FMA consulting on robo-advice exemption and appoints new Code Working Group
The FMA has published a new consultation paper on whether it should grant a class exemption to enable “robo-advice” (personalised financial advice given by a computer programme or algorithm). The current Financial Advisers Act 2008 prohibits robo-advice, as personalised financial advice must be given by a natural person. In the recent review of the Financial Advisers Act, many submitters requested for a legislative change to enable robo-advice. The FMA has considered industry feedback and is consulting on a new class exemption to enable robo-advice, subject to certain restrictions.
In addition, as part of the review of the Financial Advisers Act, the new working group to develop a new Code of Conduct has been appointed, set out below.
Who needs to read it? Why?
All financial advice industry participants. The ability to provide robo-advice has the potential to fundamentally change the financial advice industry, allowing simple, low cost, financial advice to be delivered through a new distribution channel.
When does it apply?
The FMA’s aim is to have the exemption in force by late 2017. The final date for submissions is 19 July 2017. The Financial Advisers Act is currently being reformed, and those reforms are set to enable robo-advice to be provided. However, those reforms are not set to take effect until 2019. The exemption is aimed at enabling robo-advice to be provided before then.
What does it cover?
The exemption enables the provision of robo-advice by removing the requirement for personalised advice to be provided by a natural person. Advice generated by a robo-advice tool (a provider’s website or mobile app) will be treated as advice given by a financial advice provider. The FMA proposes that the exemption should be subject the following limits and conditions, to ensure that consumers are adequately protected:
- Limited to financial advice and investment planning services: The exemption cannot be used to provide discretionary investment management services. The FMA is asking the industry whether it is appropriate to include investment planning services in the exemption.
- Limited to “easy to exit” products: The exemption can only be used to provide financial advice on products which are easy to exit. The proposed eligible products are: KiwiSaver and other managed funds, listed equity securities, government bonds, listed debt, general insurance products, savings products and credit contracts. The FMA is asking the industry whether personal insurance products should also be included.
- Investment limits: The FMA is considering imposing limits restricting robo-advice to advice on investments below a threshold (suggested to be $100,000), or limits on the total amount of investment products a robo-advice service can advise on (proposed to be $5 million, but with a higher limit suggested for QFEs).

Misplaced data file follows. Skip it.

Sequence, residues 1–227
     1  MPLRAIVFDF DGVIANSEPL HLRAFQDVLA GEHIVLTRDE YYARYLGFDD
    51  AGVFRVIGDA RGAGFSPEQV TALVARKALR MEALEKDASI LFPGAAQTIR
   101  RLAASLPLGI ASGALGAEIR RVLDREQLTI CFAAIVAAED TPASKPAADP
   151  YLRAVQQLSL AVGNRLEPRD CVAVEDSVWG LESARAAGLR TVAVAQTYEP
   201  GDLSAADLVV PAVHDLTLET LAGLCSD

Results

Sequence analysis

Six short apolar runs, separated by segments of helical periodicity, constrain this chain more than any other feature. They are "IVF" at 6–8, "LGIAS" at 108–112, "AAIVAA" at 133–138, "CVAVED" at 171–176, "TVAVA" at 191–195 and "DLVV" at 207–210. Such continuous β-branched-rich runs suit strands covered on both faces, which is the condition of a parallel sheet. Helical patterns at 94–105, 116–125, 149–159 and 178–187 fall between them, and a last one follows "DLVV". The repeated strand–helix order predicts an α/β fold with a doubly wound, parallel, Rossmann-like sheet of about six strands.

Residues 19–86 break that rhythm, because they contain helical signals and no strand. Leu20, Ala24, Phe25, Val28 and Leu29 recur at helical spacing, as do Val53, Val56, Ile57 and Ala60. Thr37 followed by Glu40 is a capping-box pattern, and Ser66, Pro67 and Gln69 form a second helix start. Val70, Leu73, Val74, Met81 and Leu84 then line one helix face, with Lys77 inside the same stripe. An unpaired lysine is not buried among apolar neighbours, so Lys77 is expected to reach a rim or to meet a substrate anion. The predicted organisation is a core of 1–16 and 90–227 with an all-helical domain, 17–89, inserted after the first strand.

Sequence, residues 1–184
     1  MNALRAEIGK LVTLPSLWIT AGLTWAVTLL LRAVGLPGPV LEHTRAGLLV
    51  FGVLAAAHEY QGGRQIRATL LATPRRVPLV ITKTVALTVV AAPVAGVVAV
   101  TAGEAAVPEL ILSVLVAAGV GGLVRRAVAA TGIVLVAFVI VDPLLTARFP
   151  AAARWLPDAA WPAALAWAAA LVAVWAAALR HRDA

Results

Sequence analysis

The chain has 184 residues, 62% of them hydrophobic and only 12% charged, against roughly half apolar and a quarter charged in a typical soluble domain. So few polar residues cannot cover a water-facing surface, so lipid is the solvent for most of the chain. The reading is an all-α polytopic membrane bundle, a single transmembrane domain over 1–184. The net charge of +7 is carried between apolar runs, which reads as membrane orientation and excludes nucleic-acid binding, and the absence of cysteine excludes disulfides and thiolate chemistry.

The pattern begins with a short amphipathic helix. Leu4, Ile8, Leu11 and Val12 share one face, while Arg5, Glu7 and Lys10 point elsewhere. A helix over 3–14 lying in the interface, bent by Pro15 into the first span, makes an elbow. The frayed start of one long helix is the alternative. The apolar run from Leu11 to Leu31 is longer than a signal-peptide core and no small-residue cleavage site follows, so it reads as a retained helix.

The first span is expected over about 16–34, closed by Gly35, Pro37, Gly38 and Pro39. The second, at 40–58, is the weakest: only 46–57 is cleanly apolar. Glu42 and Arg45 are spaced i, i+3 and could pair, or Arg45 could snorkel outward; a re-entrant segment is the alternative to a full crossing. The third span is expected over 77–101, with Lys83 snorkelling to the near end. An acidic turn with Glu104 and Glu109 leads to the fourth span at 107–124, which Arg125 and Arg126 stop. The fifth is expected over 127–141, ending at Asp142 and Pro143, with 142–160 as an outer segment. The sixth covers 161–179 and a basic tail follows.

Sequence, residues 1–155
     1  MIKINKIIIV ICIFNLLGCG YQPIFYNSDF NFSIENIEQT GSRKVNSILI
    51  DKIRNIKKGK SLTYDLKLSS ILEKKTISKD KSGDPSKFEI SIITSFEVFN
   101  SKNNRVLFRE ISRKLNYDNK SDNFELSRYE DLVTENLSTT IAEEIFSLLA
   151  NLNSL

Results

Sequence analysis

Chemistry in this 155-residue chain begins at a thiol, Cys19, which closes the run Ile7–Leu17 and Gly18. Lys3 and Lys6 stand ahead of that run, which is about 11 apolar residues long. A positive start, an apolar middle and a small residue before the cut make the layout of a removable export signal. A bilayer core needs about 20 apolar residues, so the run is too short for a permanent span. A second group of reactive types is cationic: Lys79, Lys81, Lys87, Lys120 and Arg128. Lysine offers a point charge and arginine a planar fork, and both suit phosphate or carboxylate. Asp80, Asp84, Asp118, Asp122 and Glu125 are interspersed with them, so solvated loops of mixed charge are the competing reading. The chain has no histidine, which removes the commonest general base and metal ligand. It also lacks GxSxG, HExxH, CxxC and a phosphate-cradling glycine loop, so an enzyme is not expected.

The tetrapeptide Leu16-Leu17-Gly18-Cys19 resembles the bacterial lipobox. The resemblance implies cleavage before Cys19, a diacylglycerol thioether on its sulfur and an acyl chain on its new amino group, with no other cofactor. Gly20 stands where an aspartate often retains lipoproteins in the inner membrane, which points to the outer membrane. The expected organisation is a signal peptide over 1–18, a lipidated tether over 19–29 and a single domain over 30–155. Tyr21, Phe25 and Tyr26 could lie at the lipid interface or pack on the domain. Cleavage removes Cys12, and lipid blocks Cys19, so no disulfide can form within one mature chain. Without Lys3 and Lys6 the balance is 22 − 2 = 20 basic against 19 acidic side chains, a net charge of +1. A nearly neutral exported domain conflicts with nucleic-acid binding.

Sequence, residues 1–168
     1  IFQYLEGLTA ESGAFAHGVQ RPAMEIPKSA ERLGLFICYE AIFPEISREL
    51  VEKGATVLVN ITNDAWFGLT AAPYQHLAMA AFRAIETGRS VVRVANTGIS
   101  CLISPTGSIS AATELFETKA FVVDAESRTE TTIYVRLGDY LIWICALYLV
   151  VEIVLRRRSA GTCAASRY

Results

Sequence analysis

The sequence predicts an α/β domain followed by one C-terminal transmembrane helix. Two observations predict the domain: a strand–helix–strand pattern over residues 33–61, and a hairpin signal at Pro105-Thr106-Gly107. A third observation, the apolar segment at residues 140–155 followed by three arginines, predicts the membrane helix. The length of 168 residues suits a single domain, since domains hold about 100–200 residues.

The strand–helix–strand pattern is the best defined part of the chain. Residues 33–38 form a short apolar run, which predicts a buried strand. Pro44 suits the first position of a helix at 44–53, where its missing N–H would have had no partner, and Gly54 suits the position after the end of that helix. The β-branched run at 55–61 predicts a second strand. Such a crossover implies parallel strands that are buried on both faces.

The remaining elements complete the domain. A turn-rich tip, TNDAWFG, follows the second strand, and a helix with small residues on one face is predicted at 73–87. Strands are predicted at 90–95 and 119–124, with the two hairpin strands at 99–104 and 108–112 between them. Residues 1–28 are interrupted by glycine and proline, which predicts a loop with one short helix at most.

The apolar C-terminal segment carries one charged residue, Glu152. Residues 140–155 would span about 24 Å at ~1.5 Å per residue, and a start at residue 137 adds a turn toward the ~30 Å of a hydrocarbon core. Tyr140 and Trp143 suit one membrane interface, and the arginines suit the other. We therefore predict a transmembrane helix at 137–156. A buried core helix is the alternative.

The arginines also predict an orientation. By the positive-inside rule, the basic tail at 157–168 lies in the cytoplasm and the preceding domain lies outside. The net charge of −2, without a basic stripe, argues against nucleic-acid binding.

- Providers must notify FMA in advance: Providers must notify the FMA that they are intending to rely on the exemption before providing robo-advice, and must make a declaration that they are of good character. The FMA will have the opportunity to object to any provider using the exemption, or being of good character.
- Clear disclosure obligations tailored to robo-advice: Before giving robo-advice the provider must give their client sufficient information so that they can make an informed decision to use the service or not. The consultation paper sets out suggested matters which should be disclosed to clients. The FMA is also suggesting that providers must include a clear and prominent statement of the status of their robo-advice service, that it is personalised advice and that it has not been reviewed or approved by the FMA.
- Capability: The provider must have people with appropriate expertise in the technology and algorithms used, as well as appropriately qualified individuals who can oversee the advice generated. The FMA expects this will include employing Authorised Financial Advisers who are experienced in the robo-advice product set.
- Investor safeguards: Providers must have appropriate processes to filter out clients who are not suited to receiving robo-advice, as well as processes to monitor and test the advice, resolve complaints, keep up to date records, and report any material breaches of the above conditions, among other requirements.
We support the FMA’s initiative to enable the provision of robo-advice. We have previously written on the importance of robo-advice to “millennial professionals” in an article by Lloyd Kavanagh and Tina Xu (available here).
The exemption is intended to allow robo-advice to be provided by “late 2017”. This a significant shift forward from the Financial Advisers Act reforms, which would enable robo-advice to be provided by 2019 at the earliest. From our experience market participants are ready now to provide robo-advice, and any move to enable robo-advice at an earlier date is to be welcomed.
Robo-advice providers should carefully consider the consultation paper, and whether the conditions on robo-advice being provided are appropriate. The FMA will be considering all submissions it receives, to work towards robo-advice potentially being enabled in late 2017.
If you have any questions in relation to robo-advice or would like help with making a submission on the consultation paper, please contact one of our experts.
Code Working Group
As part of the review of the Financial Advisers Act, a working group has been appointed to develop a new code of conduct. The members of the working group are:
- Angus Dale-Jones
- Barbara Benson
- Brian McCulloch
- John Berry
- Graeme Edwards
- Paul Mersi
- Rebecca Vanderbom
- Shane Edmond
- Therese Singleton
The announcement of the Commerce and Consumer Affairs Minister can be found here.
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